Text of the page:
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The heroes helping to re-wild Wakefield

Local charity Open Country’s nature force group, and its members, has grown 5,000 wildflower plug plants in a bid to help re-wild the Wakefield district. The organisation is involved in a wide range of conservation projects aimed at improving the environment for people and wildlife across Yorkshire.

The purpose of Open Country’s nature force group

The group launched its wildflower project in summer 2020 when Covid restrictions limited its wider community-based activities. Based at the polytunnels in Thornes Park, the group planted the seeds in September with volunteers watering them and protecting them from the frost throughout the autumn and winter.

The project officer of Open Country’s ‘Wild About Wakefield’, Ella Dixon, says:

“So far over 3,000 plug plants have found new homes around the district. Some have gone in private gardens and some have gone into the wider countryside to help increase the wildflower meadows. All the plants will flower into beautiful colours and provide much needed food for our all-important pollinators this summer.

“With 97 percent of the UK’s natural bee and butterfly habitat lost since World War 2, we are doing our bit to restore the lost wildflower meadows and to make an important contribution to the biodiversity of our local area.”

Raising money for the organisation and new projects in summer

The charity is asking for donations for the plug plants and has around 600 plants still available to purchase. The money raised will be reinvested into conservation projects in the future.

An exciting programme of projects in the local countryside is set to start this summer with the Nature Force group. Some of these will include widening biodiversity, creating new wildlife ponds and increasing accessibility to Coxley Woods with a new footpath. Alongside these projects will be the wildflower project, helping to maintain wildlife habitats in the longer term.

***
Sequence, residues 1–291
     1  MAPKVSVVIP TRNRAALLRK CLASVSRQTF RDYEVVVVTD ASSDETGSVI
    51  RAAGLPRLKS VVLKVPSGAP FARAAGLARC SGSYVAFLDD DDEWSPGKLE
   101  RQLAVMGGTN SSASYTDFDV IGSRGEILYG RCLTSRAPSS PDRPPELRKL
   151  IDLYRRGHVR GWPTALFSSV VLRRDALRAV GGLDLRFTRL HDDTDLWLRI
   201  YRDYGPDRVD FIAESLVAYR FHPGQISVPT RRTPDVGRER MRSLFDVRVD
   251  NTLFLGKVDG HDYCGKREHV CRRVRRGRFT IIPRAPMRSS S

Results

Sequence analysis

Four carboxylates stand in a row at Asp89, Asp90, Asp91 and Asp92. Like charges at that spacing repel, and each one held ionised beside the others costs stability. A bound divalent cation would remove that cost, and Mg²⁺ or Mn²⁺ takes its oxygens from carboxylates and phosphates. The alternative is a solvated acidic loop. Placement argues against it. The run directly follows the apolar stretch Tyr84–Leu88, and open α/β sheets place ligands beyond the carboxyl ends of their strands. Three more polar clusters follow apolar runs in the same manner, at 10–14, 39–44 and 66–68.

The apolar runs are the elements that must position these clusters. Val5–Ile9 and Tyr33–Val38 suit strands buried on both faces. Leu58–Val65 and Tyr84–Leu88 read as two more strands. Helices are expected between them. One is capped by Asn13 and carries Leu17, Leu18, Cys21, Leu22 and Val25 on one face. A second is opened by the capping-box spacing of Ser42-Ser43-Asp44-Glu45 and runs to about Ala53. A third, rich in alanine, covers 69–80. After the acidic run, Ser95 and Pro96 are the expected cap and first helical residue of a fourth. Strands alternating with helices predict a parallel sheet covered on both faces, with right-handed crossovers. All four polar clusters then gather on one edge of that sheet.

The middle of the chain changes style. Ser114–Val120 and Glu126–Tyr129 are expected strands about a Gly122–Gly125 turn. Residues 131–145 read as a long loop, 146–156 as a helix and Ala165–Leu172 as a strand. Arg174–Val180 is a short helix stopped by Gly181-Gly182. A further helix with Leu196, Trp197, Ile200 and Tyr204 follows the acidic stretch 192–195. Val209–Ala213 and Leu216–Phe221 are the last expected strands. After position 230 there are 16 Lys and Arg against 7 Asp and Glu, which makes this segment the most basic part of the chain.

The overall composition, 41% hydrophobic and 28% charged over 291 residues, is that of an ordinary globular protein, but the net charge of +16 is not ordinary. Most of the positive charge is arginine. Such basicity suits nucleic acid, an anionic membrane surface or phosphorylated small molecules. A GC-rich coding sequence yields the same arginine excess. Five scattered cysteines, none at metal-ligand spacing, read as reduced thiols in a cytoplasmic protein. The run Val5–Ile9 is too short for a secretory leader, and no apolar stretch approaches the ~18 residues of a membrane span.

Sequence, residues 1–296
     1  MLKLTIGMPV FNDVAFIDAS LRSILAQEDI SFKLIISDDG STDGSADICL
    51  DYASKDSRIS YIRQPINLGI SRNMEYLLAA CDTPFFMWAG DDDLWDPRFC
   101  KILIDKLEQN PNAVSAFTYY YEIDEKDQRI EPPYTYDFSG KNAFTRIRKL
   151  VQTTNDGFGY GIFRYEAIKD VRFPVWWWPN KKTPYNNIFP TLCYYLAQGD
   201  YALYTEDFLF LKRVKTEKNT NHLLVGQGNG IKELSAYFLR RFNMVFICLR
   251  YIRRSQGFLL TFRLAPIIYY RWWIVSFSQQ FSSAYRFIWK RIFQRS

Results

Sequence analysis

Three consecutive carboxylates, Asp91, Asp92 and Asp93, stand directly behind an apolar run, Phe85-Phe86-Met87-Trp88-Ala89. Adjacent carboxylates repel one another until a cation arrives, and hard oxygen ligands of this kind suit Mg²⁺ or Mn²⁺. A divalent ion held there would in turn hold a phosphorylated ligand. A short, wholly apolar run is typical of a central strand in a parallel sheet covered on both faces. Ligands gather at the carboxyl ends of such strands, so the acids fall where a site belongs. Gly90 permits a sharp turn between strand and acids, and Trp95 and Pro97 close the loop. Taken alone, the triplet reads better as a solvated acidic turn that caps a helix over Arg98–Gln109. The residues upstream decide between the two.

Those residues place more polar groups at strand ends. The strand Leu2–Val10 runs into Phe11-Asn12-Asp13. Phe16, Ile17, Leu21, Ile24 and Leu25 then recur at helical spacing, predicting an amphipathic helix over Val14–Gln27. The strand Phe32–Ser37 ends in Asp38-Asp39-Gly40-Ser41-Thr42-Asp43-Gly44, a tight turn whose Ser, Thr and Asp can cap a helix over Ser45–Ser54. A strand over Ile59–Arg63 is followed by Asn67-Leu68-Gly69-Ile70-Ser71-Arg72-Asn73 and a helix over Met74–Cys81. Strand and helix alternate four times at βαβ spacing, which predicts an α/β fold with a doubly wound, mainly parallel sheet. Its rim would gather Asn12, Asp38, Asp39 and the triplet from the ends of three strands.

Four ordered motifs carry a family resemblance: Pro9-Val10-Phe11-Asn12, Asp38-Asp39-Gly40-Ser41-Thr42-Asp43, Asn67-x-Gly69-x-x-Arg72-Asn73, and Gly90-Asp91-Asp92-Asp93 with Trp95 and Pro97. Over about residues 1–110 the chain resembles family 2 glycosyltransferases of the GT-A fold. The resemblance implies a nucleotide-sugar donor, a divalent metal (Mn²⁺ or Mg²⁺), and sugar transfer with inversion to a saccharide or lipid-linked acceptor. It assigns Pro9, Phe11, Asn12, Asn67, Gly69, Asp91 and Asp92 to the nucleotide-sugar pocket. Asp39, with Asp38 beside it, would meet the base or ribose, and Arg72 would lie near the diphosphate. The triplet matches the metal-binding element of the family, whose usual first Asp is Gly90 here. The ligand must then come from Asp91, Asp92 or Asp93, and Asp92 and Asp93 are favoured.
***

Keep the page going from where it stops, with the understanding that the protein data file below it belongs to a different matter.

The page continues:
Working closely with over 45 partners, including the well-known RSPB and Yorkshire Wildlife Trust, the Nature Force group has achieved huge long-term change. In the last three years the organisation has created over 500 metres of accessible pathway, made ten wildlife-friendly ponds, planted over 5,500 trees, and maintained rare habitats with regular work parties.

Open Country Nature Force members show off some of the wildflower plug plants they have grown

Weekly activities for people with a disability or mental health problem

As well as its conservation groups, Open Country runs weekly activities including tandeming, countryside walks and wheelchair friendly outings, to enable people with a disability to access and enjoy the countryside.

The Wakefield district features 560 kilometres of public paths available to walkers and cyclists, as well as seven country parks and 16 nature reserves. Despite all the outdoor space available, the Wakefield ‘state of the district’ report for 2021 revealed that only 26 percent of adults walked, for at least 10 minutes, five times a week in 2018/2019.

A key purpose of the Nature Force group is to encourage the public to engage in physical activity in local outdoor spaces, with the bonus of improving the wellbeing of disabled members of the group.

According to the Office for National Statistics, more than a third of disabled adults say they spent too much time alone since lockdown, compared with a fifth of non-disabled adults. The research also revealed that more than twice as many disabled adults (8.3 percent) as non-disabled adults (3.6 percent) said they often or always felt lonely.

The benefits of Open Country’s Nature Force group’s activities

The activities aim to, and succeed in, strengthening social interaction and engagement between people and the natural environment. As a result, self-esteem is increased, and loneliness and social isolation are eased.

Volunteering has endless benefits, Ella says, suggesting that “[volunteers’] time and effort in the countryside enables them to make a valuable contribution to their local community”, which in turns leads to a “more fulfilling, healthy and active lifestyle”.


To find out more about Open Country visit www.opencountry.org.uk. To pre-order some of the charity’s wildflower plug plants including vetch, corncockle, poppies and chamomile or to request the services of the Nature Force group, contact Ella at wakefield@opencountry.org.uk or call 07426 716677.

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